The Judgement, William J. Coughlin

St. Martin’s, 1997, 424 pages, C$8.99 mmpb, ISBN 0-312-96244-4

A courtroom drama element which drives me nuts is how attorneys can spend months of their time on single cases. How their lives can revolve around a single client from sunup to sundown. While this may very well be true for corporate lawyers or Johnnie Cochran Jr., most lawyers are usually stuck dividing their time between multiple competing priorities.

While I’ll be the first to acknowledge that my reference pool in crime fiction is very shallow, William J. Coughlin’s The Judgement is the first novel I’ve read that convincingly represent the life of a small-town attorney in what seems to be a convincingly realistic fashion, complete with glamorous and boring clients, big and small cases. Heck, The Judgement even features two strong parallel cases that don’t even relate to each other!

It is first and foremost a novel of character. The narrator, Charley Sloan is an ex-big-shot attorney. Once one of Detroit’s judicial stars, Sloan hit the bottle once too often and found himself sliding down the social scale. Now, years later, he has re-established himself in a small town, away from the spotlights and comfortably sober. As The Judgement begins, Sloan is happy, solvent and engaged in a good relationship, yet slightly bored. Excitement walks in his office in the form of Mark Conroy, a top Detroit policeman under fire from accusations of corruption. Sloan is warned that high-level political corruption might be involved. He takes the challenge. In the next pages, he’ll be bugged, threatened and bribed to drop the case.

His biggest challenge, however, comes from another direction: In his small quiet town, a serial murderer strikes, and young children are the target. His girlfriend is on the case, but it’s Sloan who will be most affected.

In addition to these two cases, Sloan has to account, as a small-town attorney, of a variety of other cases, serious and not-so-serious. His narration is clear, amusing but not without tense segments. Sloan gets to interrogate witnesses, hack the law, call in a few favours and generally give us a good time.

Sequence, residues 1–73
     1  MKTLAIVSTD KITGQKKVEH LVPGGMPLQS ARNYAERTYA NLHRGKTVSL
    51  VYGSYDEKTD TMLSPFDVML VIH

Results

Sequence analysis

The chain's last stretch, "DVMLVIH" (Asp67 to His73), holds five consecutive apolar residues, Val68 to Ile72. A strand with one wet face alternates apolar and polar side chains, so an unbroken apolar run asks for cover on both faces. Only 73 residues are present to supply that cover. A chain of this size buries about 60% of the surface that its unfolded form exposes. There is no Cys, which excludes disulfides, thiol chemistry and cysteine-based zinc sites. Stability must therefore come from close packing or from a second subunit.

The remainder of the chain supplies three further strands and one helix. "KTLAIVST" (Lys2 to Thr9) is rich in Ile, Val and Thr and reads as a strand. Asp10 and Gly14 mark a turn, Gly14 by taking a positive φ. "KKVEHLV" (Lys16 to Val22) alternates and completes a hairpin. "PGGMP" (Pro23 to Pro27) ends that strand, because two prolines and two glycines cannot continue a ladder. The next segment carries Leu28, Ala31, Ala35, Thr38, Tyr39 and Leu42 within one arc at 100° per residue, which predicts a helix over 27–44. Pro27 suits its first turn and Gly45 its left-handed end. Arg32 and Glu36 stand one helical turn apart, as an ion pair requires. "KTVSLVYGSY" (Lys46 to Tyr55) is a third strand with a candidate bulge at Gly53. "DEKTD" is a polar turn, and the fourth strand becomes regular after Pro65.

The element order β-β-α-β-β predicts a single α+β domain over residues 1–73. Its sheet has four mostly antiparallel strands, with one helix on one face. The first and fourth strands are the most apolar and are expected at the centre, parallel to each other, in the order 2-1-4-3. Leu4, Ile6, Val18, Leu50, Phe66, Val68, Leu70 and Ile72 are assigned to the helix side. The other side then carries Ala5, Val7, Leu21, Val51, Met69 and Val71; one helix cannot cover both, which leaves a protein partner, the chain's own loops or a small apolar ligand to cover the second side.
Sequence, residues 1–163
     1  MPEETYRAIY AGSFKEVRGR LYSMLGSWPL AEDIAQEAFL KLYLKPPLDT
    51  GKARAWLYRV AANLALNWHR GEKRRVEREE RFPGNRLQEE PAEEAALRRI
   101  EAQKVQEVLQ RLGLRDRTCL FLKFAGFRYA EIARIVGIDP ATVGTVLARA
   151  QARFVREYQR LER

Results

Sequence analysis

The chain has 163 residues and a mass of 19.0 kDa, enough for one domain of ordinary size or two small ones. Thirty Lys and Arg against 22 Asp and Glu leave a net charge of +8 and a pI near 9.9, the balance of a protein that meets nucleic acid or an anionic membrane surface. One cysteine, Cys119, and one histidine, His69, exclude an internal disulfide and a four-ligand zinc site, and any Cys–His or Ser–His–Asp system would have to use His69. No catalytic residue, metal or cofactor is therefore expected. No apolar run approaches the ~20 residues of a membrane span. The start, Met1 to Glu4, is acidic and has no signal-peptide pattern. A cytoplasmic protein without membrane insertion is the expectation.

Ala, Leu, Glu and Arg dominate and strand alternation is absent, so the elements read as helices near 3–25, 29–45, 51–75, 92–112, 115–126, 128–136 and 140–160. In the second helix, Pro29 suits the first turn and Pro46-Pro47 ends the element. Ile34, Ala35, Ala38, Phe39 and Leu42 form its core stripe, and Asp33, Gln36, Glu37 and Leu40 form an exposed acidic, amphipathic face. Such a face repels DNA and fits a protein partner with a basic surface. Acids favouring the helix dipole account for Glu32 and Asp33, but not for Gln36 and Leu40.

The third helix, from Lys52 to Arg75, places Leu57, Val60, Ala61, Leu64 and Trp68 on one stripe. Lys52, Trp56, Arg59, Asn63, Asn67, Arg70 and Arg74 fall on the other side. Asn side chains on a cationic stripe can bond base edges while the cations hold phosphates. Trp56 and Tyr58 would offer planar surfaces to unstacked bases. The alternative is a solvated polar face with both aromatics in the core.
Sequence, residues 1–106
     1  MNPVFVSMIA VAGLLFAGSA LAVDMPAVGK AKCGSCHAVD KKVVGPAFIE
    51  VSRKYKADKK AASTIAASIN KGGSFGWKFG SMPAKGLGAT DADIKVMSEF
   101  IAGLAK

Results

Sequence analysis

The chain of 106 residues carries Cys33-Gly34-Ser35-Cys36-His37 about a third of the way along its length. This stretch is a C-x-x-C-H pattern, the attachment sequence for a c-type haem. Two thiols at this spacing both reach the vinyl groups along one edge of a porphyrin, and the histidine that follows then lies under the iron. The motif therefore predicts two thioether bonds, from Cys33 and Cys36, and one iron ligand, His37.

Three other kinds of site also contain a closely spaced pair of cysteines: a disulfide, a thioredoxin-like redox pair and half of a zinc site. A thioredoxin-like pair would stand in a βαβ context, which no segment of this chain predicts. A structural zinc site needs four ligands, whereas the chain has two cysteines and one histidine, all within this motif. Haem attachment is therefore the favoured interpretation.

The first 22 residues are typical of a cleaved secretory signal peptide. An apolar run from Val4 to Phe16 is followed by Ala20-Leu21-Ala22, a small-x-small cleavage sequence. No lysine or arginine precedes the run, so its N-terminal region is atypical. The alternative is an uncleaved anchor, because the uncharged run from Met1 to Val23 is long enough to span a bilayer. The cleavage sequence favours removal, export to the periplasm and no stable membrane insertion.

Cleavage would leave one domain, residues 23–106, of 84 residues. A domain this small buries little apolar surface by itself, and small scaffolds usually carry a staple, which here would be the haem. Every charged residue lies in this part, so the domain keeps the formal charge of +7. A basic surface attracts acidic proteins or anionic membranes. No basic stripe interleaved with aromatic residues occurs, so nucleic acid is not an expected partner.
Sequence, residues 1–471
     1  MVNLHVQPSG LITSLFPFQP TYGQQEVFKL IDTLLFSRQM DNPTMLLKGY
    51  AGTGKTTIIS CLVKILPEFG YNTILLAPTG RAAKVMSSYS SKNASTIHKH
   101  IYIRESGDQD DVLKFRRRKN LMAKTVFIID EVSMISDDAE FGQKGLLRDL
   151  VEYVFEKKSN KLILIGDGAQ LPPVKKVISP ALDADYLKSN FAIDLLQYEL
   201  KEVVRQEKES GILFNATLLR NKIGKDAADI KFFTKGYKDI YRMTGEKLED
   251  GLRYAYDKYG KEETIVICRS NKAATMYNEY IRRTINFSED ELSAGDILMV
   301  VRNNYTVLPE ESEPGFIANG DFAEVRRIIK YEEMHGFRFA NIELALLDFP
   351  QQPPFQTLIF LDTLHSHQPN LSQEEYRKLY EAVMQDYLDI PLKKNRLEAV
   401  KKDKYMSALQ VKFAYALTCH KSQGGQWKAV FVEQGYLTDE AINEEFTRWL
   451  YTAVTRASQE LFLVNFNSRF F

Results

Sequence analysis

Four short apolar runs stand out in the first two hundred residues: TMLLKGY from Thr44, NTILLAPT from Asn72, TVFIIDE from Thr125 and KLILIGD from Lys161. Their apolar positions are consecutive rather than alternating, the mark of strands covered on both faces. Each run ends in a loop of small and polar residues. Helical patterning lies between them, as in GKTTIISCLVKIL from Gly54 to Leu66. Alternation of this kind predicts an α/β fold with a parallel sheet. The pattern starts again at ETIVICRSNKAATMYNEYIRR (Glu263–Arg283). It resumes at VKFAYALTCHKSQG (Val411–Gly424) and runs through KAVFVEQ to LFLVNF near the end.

The Judgement is an admirable crime thriller, told with crisp economy and considerable skill. The story moves well and makes for compulsive reading. The whodunit is not particularly difficult to figure out, but don’t worry: The book’s most memorable moments are character-driven, whether it’s quirky supporting characters or a personal depiction of a major lapse back in addiction. If nothing else, The Judgement gives a convincing look in the inner working and meaning of addiction support group. Among other things.

Interestingly enough, while fact-checking this review on Amazon’s entry for this novel, I found a note by someone claiming to be Coughlin’s son, alleging that The Judgement was posthumously written by a ghostwriter and not by Coughlin, who died before the book was published. Internal evidence shows that the novel itself is copyrighted “1997, Ruth Coughlin”, but further Internet searches don’t show any other supporting material. While I’m not discounting the statement, it doesn’t really matter; The Judgement is a fine novel, ghost-written or not. Worth a read, anyway.

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